Duterte accepts resignation of DICT Usec Rio


President Rodrigo Duterte has accepted the resignation of Undersecretary Eliseo Rio Jr. of the Department of Information and Communications Technology (DICT), Malacañang confirmed on Friday.


Duterte’s acceptance came over three months since Rio tendered his resignation.

“We likewise affirm that the President has accepted the resignation of the Department of Information and Communications Technology (DICT) Undersecretary Eliseo Rio, Jr.,” Presidential Spokesperson Harry Roque said in a press statement.

Roque said the Palace was thankful to Rio for his “invaluable services to the nation.”

“We wish him (Rio) well in all his future endeavors,” he said.

Rio on January 31 sent a letter to Duterte, informing the President of his decision to quit his post.

Earlier reports said he resigned due to a supposed conflict with other DICT officials.

Rio also questioned the grant and questionable allocation of multimillion-peso confidential funds of the agency.

The DICT had PHP400 million in confidential funds in 2019 and PHP800 million in 2020.

In February, Malacañang said Duterte would first let the Senate look into the controversial confidential funds appropriated to the DICT before ordering a possible presidential probe.

In the same month, Rio issued a joint statement with DICT Secretary Gregorio Honasan II, clarifying that the former’s resignation was “because of personal reasons, and not due to any rift with the Secretary, nor to any anomaly in the confidential fund.”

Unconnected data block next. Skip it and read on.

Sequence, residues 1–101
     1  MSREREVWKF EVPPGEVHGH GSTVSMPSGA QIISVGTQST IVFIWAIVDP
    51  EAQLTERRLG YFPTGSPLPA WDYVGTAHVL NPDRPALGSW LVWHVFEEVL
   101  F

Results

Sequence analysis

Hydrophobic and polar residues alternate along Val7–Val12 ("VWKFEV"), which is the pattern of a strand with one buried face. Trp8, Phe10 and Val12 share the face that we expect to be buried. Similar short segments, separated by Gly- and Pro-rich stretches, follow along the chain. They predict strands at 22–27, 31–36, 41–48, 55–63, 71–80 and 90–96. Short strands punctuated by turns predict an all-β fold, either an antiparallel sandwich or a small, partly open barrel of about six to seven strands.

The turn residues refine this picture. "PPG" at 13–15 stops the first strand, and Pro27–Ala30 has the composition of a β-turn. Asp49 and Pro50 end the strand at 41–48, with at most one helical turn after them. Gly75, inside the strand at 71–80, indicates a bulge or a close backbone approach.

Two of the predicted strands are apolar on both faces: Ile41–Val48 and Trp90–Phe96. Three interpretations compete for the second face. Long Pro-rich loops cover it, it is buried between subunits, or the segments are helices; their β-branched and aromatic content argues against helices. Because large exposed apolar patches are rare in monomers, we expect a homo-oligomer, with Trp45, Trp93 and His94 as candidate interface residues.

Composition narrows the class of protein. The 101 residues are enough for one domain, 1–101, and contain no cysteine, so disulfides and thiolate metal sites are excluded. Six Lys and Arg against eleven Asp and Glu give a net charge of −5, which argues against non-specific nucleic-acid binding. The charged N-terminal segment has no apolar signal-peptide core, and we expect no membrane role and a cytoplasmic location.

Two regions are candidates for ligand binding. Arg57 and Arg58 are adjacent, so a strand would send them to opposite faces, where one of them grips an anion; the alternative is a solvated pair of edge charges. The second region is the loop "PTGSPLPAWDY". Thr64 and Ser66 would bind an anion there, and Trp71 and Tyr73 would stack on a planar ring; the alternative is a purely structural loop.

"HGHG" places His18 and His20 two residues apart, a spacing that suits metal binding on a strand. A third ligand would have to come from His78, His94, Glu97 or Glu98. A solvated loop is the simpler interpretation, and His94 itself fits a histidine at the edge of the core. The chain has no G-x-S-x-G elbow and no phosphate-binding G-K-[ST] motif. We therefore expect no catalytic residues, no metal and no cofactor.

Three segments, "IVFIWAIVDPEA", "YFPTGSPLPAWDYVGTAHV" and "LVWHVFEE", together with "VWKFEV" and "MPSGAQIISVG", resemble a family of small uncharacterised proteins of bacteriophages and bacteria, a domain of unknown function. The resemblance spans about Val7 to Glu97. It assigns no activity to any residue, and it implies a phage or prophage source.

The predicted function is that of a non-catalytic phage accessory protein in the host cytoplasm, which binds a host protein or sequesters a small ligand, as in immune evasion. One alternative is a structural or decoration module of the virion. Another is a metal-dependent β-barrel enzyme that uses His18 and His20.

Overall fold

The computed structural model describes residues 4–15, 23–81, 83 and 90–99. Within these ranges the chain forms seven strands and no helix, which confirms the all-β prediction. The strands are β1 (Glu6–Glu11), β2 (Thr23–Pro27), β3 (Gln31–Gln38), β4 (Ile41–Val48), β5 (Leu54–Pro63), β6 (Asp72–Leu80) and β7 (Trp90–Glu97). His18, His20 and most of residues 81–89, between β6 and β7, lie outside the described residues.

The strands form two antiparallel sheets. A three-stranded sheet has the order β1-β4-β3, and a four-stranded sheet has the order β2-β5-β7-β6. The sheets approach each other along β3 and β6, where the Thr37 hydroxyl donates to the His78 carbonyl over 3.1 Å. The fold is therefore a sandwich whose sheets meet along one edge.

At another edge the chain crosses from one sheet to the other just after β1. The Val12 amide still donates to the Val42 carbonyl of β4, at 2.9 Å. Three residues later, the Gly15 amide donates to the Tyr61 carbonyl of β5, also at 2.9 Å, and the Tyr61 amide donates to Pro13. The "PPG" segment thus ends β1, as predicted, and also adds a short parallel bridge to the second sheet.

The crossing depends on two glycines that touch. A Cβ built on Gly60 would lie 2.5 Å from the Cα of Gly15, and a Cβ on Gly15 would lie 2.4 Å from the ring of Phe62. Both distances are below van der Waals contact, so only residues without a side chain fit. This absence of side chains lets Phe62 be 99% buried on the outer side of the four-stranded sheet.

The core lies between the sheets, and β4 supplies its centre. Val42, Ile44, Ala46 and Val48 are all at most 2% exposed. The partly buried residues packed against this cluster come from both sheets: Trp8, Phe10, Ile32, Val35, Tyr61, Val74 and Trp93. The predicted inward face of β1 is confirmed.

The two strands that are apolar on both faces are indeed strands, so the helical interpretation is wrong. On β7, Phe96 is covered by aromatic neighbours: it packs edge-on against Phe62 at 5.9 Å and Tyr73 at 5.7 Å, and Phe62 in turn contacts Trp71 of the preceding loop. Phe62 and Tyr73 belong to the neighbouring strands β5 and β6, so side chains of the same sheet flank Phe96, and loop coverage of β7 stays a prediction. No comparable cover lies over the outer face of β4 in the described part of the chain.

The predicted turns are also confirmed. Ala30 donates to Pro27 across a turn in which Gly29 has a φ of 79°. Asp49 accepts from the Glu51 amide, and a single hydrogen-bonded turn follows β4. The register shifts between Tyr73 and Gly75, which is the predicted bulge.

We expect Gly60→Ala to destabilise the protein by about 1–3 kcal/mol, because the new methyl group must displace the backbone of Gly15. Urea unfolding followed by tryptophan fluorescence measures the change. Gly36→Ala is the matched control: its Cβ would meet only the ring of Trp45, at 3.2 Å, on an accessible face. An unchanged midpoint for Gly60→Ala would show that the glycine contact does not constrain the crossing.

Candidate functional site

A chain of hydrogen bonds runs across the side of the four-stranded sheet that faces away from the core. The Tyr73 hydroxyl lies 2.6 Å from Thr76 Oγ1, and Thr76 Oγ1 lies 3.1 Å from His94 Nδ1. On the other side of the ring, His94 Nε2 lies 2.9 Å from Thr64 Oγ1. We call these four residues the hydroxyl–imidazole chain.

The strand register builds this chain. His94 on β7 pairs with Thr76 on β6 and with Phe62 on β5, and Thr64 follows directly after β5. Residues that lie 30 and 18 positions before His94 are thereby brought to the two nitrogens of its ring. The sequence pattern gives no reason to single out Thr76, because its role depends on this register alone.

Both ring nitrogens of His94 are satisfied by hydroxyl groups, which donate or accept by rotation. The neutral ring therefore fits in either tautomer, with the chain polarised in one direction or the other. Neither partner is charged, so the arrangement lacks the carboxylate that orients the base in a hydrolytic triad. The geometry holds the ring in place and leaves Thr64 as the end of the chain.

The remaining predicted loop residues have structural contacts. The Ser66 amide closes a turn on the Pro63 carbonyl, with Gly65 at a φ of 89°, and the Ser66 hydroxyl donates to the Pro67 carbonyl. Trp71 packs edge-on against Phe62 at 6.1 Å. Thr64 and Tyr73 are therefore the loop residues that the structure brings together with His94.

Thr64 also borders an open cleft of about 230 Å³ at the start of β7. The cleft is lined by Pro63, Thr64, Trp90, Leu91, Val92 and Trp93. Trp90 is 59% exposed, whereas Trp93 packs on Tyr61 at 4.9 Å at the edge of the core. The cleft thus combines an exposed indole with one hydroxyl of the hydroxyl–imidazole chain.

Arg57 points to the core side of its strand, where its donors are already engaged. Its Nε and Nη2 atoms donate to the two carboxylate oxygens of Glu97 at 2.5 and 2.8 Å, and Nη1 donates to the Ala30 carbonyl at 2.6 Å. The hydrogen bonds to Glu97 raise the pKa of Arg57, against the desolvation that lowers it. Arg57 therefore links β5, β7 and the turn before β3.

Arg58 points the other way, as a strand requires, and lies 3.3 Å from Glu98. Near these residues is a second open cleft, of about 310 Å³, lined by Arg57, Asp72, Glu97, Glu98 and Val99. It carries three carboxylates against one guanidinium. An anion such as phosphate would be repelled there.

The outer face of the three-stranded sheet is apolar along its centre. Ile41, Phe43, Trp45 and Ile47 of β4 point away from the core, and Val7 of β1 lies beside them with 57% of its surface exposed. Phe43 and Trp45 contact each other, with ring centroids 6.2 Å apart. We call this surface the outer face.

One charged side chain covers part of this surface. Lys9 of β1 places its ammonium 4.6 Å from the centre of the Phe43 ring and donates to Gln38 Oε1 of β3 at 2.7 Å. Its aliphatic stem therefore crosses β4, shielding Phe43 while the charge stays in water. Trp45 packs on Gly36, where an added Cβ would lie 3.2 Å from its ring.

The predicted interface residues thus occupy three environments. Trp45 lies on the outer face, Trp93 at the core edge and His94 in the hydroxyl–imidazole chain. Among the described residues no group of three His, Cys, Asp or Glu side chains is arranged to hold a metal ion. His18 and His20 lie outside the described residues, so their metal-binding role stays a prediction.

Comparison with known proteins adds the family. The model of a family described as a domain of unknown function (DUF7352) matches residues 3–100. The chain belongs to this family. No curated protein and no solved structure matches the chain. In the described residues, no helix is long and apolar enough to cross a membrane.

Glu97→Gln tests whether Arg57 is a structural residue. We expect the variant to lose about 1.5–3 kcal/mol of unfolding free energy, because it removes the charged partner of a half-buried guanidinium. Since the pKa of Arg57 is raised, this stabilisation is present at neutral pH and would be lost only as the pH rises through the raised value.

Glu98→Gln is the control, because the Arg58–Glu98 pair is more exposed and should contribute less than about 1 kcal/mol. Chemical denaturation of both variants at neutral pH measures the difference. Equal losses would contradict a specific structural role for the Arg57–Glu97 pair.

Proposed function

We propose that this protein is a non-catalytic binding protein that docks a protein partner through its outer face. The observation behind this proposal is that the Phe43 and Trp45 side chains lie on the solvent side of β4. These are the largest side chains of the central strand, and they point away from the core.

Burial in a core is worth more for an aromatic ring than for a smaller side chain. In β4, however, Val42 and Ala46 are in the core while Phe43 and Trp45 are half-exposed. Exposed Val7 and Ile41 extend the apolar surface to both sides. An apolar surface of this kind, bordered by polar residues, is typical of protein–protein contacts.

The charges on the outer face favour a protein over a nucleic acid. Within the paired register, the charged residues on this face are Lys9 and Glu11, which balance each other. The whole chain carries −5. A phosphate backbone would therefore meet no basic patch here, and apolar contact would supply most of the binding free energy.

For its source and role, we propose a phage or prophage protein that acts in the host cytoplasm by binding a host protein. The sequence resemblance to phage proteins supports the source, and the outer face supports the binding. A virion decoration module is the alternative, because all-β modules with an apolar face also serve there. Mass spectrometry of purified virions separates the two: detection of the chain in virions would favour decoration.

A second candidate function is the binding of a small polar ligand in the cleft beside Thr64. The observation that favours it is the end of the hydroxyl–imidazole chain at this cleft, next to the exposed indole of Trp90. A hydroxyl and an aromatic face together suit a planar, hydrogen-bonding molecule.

Rio, an engineer who served as Undersecretary for Operations in the agency, served as acting secretary of the DICT and led the bidding process for the third slot as a mobile communications provider in 2018—one of the campaign promises of Duterte.

In his resignation letter, Rio highlighted some of his achievements during his term, including the extension of the validity of prepaid load to one year, and the “lowering of interconnection charges to make text messages and call cheaper.”

Moreover, he also mentioned the following initiatives as contributors to “a significant spike in investments in the information and communications technology sector”:

  • The free use of the 6,200 km dark fiver for the Transco/National Grid Corporation of the Philippines as backbone for the country’s National Broadband Program;
  • The execution and establishment of two (2) cable landing stations that would provide the government with two (2) terabit per second (tbps) of international bandwidth that is worth P 4.6 billion annually;
  • Initiation of the Accelerated Common Tower Build-up which would put up at least 50,000 towers in the Philippines to cope with the growing demand for better telecommunication services and Passive Telecommunication Infrastructure Provider.


(—Source: Philippine News Agency)